291 F2d 249 Hagan v. J Goldberg

291 F.2d 249

Evert L. HAGAN and Pacific Coast Cheese, Inc., Appellants,
Arthur J. GOLDBERG,* Secretary of Labor, United States Department of Labor, Appellee.

No. 16918.

United States Court of Appeals Ninth Circuit.

May 22, 1961.

view counter

Harry Friedman, Los Angeles, Cal., and Evert L. Hagan, in pro. per., for appellants.


Harold C. Nystrom, Acting Sol., Bessie Margolin, Asst. Sol., Robert E. Nagle, Atty., Dept of Labor, Washington, D. C., and Kenneth C. Robertson, Regional Atty., San Francisco, Cal., for appellee.


Before BARNES and KOELSCH, Circuit Judges, and POWELL, District Judge.


POWELL, District Judge.


This case is to recover minimum wages under the Fair Labor Standards Act. The Secretary of Labor brought the action for seven employees of the appellants. The business of appellants was the manufacture and sale of cheese.


The trial court heard the testimony and on August 7, 1959, orally pronounced judgment for defendants, who are appellants here. On December 10, 1959, the trial court signed findings, conclusions and judgment in favor of plaintiff, the appellee here. The appeal is from that judgment. The District Court had jurisdiction under Section 16(c) of the Act, which is 29 U.S.C.A. § 216, and under 28 U.S.C.A. §§ 1337 and 1345. This Court has jurisdiction under 28 U.S. C.A. §§ 1291 and 1294(1).


During the period involved in this action the employers were engaged in the manufacture of three main types of cheese. Two of them were produced for intrastate sale. The third type, called Chili Cheese, was produced for sale in California and Mexico. If the employees were employed in the manufacture of Chili Cheese they would be engaged "* * * in the production of goods for commerce * * *" under Section 6(a) of the Act.1 If they were covered by the Act they were entitled to a minimum wage of $1.00 per hour. They were paid only 75¢ per hour during the period covered by this suit.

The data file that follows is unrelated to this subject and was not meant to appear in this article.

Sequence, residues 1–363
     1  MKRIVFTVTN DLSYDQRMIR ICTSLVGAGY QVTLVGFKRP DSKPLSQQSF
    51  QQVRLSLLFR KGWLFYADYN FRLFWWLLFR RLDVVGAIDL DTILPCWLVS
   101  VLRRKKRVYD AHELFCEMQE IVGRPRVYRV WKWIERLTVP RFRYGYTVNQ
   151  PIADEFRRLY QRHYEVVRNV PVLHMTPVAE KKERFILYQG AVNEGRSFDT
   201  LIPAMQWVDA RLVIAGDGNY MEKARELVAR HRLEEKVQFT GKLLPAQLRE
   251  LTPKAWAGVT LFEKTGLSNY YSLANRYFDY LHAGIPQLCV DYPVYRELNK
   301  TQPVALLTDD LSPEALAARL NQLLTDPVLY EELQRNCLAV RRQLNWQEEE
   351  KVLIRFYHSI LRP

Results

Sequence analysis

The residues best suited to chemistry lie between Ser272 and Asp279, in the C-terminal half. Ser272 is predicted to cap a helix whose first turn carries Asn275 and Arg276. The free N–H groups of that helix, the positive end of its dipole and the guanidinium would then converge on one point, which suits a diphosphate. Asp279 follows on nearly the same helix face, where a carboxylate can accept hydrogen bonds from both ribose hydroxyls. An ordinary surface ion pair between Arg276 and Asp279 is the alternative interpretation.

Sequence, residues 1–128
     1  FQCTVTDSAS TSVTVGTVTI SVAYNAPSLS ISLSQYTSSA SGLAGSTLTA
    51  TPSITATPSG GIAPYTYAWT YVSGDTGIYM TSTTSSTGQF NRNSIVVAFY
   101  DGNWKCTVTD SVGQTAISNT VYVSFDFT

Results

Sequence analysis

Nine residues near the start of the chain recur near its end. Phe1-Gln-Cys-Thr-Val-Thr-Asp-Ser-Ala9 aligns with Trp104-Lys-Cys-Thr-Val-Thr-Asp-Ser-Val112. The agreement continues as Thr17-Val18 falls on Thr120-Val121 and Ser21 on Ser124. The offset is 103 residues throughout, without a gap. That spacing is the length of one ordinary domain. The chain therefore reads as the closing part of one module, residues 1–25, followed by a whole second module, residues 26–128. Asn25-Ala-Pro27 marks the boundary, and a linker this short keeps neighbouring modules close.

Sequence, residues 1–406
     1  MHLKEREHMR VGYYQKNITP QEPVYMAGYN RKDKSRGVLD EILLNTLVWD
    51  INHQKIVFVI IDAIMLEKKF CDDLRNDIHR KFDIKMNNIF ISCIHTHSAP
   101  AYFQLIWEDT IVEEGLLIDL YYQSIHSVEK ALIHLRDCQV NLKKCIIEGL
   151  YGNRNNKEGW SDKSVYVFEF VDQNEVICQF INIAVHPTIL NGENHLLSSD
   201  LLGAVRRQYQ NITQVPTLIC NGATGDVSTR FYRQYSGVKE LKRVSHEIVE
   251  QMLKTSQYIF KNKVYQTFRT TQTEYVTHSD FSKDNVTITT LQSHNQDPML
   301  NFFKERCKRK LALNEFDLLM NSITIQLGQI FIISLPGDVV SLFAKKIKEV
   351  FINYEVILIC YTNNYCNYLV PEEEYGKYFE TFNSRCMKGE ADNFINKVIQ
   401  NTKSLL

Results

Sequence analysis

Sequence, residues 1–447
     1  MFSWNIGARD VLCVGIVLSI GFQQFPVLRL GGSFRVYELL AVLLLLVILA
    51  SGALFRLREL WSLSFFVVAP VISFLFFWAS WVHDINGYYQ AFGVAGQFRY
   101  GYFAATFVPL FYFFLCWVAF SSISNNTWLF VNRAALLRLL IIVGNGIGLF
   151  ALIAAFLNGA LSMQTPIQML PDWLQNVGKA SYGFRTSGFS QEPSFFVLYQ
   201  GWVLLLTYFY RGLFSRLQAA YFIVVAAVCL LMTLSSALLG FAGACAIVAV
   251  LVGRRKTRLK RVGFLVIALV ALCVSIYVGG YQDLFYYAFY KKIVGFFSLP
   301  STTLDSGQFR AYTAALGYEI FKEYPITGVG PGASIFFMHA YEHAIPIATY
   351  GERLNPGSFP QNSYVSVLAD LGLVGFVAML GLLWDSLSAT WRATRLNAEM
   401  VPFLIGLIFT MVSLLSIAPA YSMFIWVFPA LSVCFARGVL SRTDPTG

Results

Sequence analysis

view counter

There was a serious conflict in the testimony. The witnesses for the employees testified, some through interpreters, that they worked on all three types of cheese and there was no segregation between covered and non-covered employment. The employers' witnesses testified to exactly the opposite. They testified the employees named in this suit did no work on the Chili Cheese, which was the only type produced for commerce.


After the Secretary made his purposes known to the employers they paid employees $1.05 per hour. They secured written statements of employees that of the $1.05 they were receiving, $1.00 an hour was current wages and 5¢ per hour was to be applied as an offset in this action. The Secretary took the position the payment represented current wages and evidenced an increase to $1.05 per hour.


The first issue of fact was resolved at the conclusion of the trial in the employers' favor. The holding was that the employees did work exclusively on segregated duties in connection with goods not intended for extra-state sale. The trial judge stated the decision was based on the credibility of the witnesses. He stated he could not believe plaintiffs' witnesses but did believe the witnesses for the employers, the defendants.